Architects are highly trained specialists who complete an accredited Bachelor of Architecture degree, or a Master’s degree if they have a bachelor’s degree that is not in architecture.
To become licensed, they have to practice in the field for three years in the Intern Development Program (IDP) established by the National Council of Architectural Registration Boards (NAAB) which has accredited architect training schools at universities throughout the U.S., and then pass the Architect Registration Examination (ARE) within five years. ARE has seven testing divisions and each one must be taken separately.
Most U.S. states require architects to continue with their education long-term to maintain their licenses. Options are available in the form of courses, workshops, and conferences as well as special continuing education programs offered by the NCARB.
Architects are allowed to design every type of building, including homes and they supervise construction. Designs incorporate functionality and aesthetics and take form and safety as well as the needs of property owners into account.
Certified professional building designers are not as highly qualified as architects. They specialize in light-frame buildings including single- and multi-family homes and, if state regulations allow, also the design of light-frame commercial and other buildings. To be certified by the National Council of Building Design, a building designer has to complete training courses and practice the profession for at least six years, building a portfolio that proves his or her expertise.
Interior designers specialize in aesthetics but are also responsible for space planning that is functional. They will often work very closely with architects and are in an ideal position to improve the sustainability of the overall design of a home.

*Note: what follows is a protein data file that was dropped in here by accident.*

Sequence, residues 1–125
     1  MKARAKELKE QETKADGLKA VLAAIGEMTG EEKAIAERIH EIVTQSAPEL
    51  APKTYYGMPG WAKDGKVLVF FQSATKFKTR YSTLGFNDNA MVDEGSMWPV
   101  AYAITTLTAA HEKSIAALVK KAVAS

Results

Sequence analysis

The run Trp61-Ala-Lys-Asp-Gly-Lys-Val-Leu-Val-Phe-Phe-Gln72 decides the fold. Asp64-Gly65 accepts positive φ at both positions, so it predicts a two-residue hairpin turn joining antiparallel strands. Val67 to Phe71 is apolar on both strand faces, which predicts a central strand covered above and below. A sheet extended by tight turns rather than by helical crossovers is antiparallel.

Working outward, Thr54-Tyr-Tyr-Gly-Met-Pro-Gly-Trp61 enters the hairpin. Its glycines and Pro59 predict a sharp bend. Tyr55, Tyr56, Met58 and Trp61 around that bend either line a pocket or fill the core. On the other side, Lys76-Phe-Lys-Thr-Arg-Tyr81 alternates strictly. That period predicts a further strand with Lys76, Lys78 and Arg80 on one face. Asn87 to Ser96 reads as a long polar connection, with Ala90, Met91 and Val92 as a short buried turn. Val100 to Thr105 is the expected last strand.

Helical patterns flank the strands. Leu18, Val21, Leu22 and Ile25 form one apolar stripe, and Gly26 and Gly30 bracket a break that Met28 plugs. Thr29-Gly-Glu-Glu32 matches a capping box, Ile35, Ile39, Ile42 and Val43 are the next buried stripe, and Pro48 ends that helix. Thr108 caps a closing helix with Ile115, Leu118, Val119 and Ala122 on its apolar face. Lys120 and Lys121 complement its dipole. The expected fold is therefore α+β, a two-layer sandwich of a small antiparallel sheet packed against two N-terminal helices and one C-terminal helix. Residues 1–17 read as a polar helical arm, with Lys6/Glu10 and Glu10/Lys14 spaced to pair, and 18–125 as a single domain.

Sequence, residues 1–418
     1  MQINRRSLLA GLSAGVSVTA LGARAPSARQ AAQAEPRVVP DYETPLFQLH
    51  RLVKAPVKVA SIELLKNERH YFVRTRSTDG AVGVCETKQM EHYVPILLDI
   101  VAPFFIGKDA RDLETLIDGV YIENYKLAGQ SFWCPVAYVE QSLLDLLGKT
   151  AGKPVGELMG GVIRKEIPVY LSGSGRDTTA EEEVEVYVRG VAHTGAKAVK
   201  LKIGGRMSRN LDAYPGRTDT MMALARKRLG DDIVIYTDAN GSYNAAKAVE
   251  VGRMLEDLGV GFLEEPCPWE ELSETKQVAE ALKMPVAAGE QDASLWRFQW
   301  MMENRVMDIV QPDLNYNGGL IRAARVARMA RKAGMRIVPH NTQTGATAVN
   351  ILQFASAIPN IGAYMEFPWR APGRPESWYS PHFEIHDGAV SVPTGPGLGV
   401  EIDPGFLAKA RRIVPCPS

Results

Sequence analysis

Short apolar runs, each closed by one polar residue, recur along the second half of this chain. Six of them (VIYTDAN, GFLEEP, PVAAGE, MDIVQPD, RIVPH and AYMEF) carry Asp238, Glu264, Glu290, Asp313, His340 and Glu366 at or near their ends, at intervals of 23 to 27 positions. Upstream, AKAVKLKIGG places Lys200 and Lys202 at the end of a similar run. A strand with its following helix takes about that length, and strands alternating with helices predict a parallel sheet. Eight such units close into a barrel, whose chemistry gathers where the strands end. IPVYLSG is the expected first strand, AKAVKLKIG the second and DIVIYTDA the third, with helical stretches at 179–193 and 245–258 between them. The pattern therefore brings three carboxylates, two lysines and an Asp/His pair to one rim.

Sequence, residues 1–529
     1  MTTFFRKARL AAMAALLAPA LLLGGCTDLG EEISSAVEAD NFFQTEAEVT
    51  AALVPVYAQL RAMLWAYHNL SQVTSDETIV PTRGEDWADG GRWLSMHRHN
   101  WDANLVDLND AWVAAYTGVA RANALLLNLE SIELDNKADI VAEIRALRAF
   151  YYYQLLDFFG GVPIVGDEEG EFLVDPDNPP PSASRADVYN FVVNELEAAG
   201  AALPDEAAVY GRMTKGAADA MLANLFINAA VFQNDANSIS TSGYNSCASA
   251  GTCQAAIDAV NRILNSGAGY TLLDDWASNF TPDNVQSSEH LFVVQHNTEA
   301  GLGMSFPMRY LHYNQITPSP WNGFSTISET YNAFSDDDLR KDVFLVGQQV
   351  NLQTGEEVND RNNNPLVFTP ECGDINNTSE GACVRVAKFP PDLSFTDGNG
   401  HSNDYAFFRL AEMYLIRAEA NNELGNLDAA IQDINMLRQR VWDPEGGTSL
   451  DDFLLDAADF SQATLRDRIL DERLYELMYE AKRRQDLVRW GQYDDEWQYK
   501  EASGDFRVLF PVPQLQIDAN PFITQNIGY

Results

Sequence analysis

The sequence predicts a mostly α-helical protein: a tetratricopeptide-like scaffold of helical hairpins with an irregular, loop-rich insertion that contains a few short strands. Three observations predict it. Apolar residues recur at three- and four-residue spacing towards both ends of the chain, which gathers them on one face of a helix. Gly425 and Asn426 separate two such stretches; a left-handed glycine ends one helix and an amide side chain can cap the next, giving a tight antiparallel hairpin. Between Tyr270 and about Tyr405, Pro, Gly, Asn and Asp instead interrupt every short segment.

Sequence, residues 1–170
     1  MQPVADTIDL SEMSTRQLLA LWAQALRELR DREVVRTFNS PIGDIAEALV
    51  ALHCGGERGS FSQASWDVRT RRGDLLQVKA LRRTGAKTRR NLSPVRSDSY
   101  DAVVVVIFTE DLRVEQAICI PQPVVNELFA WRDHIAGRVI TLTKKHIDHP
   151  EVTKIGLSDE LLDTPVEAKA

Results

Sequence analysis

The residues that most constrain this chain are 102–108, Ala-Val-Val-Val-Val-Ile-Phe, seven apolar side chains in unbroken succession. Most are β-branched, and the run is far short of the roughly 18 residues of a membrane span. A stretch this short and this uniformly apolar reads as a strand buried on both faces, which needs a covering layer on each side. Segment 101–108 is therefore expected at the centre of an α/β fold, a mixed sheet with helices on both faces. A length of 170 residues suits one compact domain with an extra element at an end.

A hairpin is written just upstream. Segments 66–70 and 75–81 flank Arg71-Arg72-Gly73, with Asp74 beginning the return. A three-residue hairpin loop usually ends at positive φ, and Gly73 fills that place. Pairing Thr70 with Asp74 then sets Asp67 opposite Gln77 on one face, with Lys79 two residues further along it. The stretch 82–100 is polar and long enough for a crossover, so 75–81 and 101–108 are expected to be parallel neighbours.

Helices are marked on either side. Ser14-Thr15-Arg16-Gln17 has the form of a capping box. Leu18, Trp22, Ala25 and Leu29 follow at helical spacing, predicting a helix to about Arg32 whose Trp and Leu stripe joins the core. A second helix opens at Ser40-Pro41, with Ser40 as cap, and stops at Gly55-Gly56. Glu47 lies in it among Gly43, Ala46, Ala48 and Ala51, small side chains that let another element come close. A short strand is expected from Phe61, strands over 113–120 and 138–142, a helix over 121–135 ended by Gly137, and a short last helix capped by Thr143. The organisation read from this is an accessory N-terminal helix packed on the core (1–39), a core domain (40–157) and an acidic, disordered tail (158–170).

The Role of Engineers
There are six major types of engineering and hundreds of subcategories, only some of which are relevant to the construction industry. The most likely engineering services anyone building a house is likely to utilize are plumbing, electrical, HVAC, and mechanical, electrical, and plumbing (MEP). Sprinkler engineers play an important role in larger buildings in terms of fire protection. Additionally, an increasing number of leading engineering firms now specialize in energy modeling and will estimate the total energy required and strategize in terms of the best systems for the application.
So, when we look at why architects work with engineers when they design homes, it should be relatively obvious that they have skills and experience that architects, in general, do not have.
Ultimately, it is more than worthwhile to find an MEP engineering firm in Chicago, New York, Dallas, or any other U.S. city that is willing to partner with architects and building managers whether the project is a commercial high-rise building or a single-family home.
Michael Tobias is the founder and principal of New York Engineers, an Inc 5000 Fastest Growing Company in America. He leads a team of more than 30 mechanical, electrical, plumbing, and fire protection engineers from the company headquarters in New York City, and has led numerous projects in New York, New Jersey, Chicago, Pennsylvania, Connecticut, Florida, Maryland, and California, as well as Singapore and Malaysia. He specializes in sustainable building technology and is a member of the U.S. Green Building Council.